Please help me re-establish Christmas as a core Canadian tradition
This might seem like an odd statement coming from a non-Christian fellow, but indulge me for a while and join my crusade to reinforce Christmas as one of our pre-eminent Canadian traditions.
I left the UK many years ago and after living in various corners of the globe, Canada was kind enough to allow me to emigrate and become part of this country. Growing up in the UK, there was an enduring focus to preserve a number of secular and religious traditions, all of which contributed towards establishing a cohesive society. Reflect if you will on any well established society and you will soon detect an undercurrent of traditions, beliefs and values, each contributing towards making it a strong and cohesive community.
The UK is predominantly a centralized state with a tradition of strong central government and many powerful national institutions, so it was natural that any core tradition, be it religious or secular would be adopted throughout the land. With this as background I found it particularly interesting that many non-Christian immigrant communities signed onto Christmas, embracing and enjoying its universal celebratory value, while the more entrepreneurial immigrant communities realized the benefit of Christmas as an economic driver – which they embraced for the benefit of their enterprises.
The school system in the UK in particular embraced Christmas and I can see the faces of my primary school mates, their eager eyes glowing in the candles as we sang our hearts out at the annual Christmas concert and then competed to build Christmas decorations to dress up our classrooms and the school. The young are so impressionable and I remember how much Christmas meant to us all, as a time for mutual celebration and affection.
Not every immigrant community in the UK celebrated the “Christ” part of Christmas and only the Catholics signed on for the “Mass” part of Christmas, while the Jews, Muslims and Sikhs pursued by their own beliefs, praying to essentially the same deity but under a different brand-name and badge. I think it might be safe to comment that zealots apart – by mid November most of these non Christian immigrants were well into the Christmas spirit, humming the popular seasonal songs of the day as they went about their daily lives and wishing their Christian friends a “Merry Christmas”. In my family of lapsed Jews (well…some of us) we eagerly awaited Christmas for entirely materialistic reasons and the family tradition of Christmas stockings on the mantle with coal (predictably) and tangerines(frequently) still lives on to this day.
From time to time there have been campaigns to try and detach the materialistic side of Christmas from the spiritual side and to encourage believers (I guess) to be slightly less commercial and a tad more cerebral. By and large these efforts have failed, largely due to the adroit and well funded retail onslaught that simply, but not so simply, drives people to spend themselves into debt. Despite this sophisticated attempt at retail brainwashing, I have recently detected a lessening of this commercial imperative, which may be as much to do with a tight economy, or the fact that my confreres have most of what they need and a simple book becomes a treasured gift.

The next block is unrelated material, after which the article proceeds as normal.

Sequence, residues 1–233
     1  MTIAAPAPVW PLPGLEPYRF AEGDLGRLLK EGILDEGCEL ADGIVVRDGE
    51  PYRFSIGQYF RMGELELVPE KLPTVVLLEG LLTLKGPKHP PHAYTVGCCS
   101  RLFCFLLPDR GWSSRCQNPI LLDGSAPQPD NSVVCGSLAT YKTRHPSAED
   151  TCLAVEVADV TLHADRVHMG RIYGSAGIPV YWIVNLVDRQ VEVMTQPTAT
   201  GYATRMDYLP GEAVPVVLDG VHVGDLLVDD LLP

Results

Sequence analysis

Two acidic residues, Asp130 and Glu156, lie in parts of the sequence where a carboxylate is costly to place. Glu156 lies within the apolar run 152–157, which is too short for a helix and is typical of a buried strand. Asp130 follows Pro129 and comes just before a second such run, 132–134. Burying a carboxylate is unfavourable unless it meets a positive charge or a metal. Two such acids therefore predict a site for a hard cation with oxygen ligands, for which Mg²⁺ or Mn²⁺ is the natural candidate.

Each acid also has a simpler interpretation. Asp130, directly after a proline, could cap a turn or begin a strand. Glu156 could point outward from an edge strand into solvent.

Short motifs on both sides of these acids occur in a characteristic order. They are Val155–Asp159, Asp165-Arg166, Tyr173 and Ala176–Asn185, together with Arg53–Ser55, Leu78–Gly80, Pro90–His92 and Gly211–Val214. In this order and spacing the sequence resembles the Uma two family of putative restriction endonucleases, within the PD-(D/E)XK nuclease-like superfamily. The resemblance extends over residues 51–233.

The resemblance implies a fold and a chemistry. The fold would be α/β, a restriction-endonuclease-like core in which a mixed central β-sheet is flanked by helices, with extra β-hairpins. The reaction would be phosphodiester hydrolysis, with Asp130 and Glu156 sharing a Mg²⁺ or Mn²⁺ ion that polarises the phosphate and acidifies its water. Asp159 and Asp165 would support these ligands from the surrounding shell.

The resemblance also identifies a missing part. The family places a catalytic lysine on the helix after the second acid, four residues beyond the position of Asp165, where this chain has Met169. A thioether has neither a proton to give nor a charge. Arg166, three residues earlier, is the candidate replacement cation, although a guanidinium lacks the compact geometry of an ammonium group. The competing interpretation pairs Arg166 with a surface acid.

In Canada I have been saddened to notice a trend by some public entities, to de-emphasize Christmas in an effort to make it more palatable to our non Christian immigrants. “Happy Christmas” is being replaced with “Happy Holidays”, the “Christmas spirit” is being replaced by the “holiday spirit” and what especially offends me is that some school boards are making a concerted effort to lower the profile of Christmas to make the holidays more inclusive and less “offensive” to our non-Christian immigrants.
Being more inclusive to our non Christian immigrants is a superb idea and should be encouraged by everyone in Canada as a way to help newcomers become full Canadians on par with the rest of us characters. Understanding the religions and customs of these newcomers should be part of the immigration plan and would help bridge the appalling ignorance gap which prevents mainstream Canadians from knowing who these newcomers really are.
However welcoming non Christian newcomers, by lowering the profile of a powerful core Canadian religious and secular tradition which Christmas represents – because of some misplaced politically correct belief – is not the way to conduct ourselves and will only cause resentment amongst the mainstream population who are beginning to wonder why Christmas is being de-emphasized by public servants.
Please join me in raising your voice on behalf of Christmas, by contacting your local school board, your members of civic council and your members of provincial and federal houses, to demand they support this most important date on our calendar.